The GOP leader says Trump was “practically and morally responsible for provoking” the Capitol riot
Moments after voting to acquit Donald Trump in the second impeachment trial, Senate Minority Leader Mitch McConnell lambasted the former president’s “disgraceful dereliction of duty” during the Jan. 6 insurrection at the U.S. Capitol.
“There is no question, none, that President Trump is practically and morally responsible for provoking the events of the day,” McConnell said. “The people who stormed this building believed they were acting on the wishes and instruction of their president.”
Although the Senate voted 57-43 to convict Trump, which was 10 votes shy of the two-thirds majority needed for conviction in an impeachment trial, the Kentucky Republican noted that the former president could still face legal consequences for his “reckless actions.”
“President Trump is still liable for everything he did while he was in office as an ordinary citizen.He didn’t get away with anything — yet,” he said. “We have a criminal justice system in this country, we have civil litigation.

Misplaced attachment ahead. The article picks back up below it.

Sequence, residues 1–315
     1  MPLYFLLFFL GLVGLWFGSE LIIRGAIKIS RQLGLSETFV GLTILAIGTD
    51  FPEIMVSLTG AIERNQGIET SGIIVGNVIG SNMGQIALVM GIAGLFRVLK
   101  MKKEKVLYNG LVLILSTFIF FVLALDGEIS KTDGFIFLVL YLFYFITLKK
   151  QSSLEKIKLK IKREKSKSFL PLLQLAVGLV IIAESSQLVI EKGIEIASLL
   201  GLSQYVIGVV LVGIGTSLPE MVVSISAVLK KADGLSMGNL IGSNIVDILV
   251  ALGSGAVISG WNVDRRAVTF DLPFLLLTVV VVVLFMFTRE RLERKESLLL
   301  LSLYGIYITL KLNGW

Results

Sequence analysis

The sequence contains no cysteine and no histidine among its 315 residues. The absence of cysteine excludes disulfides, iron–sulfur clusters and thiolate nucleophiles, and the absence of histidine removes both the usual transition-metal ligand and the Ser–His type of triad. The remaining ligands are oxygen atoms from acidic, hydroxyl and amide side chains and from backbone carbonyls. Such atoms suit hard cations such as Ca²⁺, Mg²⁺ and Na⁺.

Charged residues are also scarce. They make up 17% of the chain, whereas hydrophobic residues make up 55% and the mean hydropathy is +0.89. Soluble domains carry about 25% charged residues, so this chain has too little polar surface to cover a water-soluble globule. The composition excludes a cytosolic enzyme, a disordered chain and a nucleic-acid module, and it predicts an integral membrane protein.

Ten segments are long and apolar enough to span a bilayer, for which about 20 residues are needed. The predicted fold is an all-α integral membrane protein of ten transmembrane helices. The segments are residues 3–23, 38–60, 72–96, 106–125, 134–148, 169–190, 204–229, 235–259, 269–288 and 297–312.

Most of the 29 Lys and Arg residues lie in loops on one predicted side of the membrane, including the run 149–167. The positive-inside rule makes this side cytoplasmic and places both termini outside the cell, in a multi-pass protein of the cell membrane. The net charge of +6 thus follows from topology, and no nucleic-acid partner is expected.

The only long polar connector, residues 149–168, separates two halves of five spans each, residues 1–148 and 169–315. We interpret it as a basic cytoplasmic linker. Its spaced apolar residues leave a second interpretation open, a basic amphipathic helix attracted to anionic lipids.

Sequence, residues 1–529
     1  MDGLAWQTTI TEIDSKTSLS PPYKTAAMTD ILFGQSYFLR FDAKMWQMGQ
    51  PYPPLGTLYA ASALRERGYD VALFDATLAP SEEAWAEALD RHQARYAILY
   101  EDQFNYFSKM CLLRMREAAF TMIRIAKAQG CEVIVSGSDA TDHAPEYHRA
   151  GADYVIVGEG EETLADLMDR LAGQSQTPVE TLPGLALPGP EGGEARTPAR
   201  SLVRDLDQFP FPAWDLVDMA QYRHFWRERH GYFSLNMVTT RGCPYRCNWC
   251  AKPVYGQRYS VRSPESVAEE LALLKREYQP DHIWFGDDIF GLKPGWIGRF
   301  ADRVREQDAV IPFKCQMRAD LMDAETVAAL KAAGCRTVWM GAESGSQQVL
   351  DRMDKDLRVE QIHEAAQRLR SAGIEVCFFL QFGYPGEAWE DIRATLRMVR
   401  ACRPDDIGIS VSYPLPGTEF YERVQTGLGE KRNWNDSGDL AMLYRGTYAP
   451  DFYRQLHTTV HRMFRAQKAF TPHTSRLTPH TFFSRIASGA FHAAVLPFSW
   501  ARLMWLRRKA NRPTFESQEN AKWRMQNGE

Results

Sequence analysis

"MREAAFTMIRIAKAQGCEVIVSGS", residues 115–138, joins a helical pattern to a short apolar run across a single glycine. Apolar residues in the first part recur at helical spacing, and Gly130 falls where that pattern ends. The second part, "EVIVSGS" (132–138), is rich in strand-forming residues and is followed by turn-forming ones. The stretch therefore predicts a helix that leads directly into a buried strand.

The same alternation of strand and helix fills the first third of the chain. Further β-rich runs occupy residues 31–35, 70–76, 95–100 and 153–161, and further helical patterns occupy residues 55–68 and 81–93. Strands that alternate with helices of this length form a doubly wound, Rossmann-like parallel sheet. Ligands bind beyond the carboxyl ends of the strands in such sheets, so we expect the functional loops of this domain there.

The Republican leader also defended his decision to join all but seven senators of his party to vote not guilty, citing the fact that Trump no longer holds office.
McConnell hinted that he might have joined in calls for a guilty vote if Trump were still president. “If the president was still in office, I would have carefully considered whether the House managers had proved their charge. By the strict criminal standard, the president’s speech probably was not incitement,” he said. “However, in the context of impeachment the Senate might have decided this was acceptable shorthand for the reckless actions that preceded the riot.”
He added, “But in this case the question is moot because former president Trump is constitutionally not eligible for conviction.”
In addition, he argued that holding a Senate trial before the Jan. 20 inauguration of Joe Biden “was never possible” even though he controlled the Senate at that time. In light of that timing, he said, “The Senate’s decision today does not condone anything that happened on or before that terrible day. It simply shows that the Senate did what the former president failed to do: We put our constitutional duty first.”
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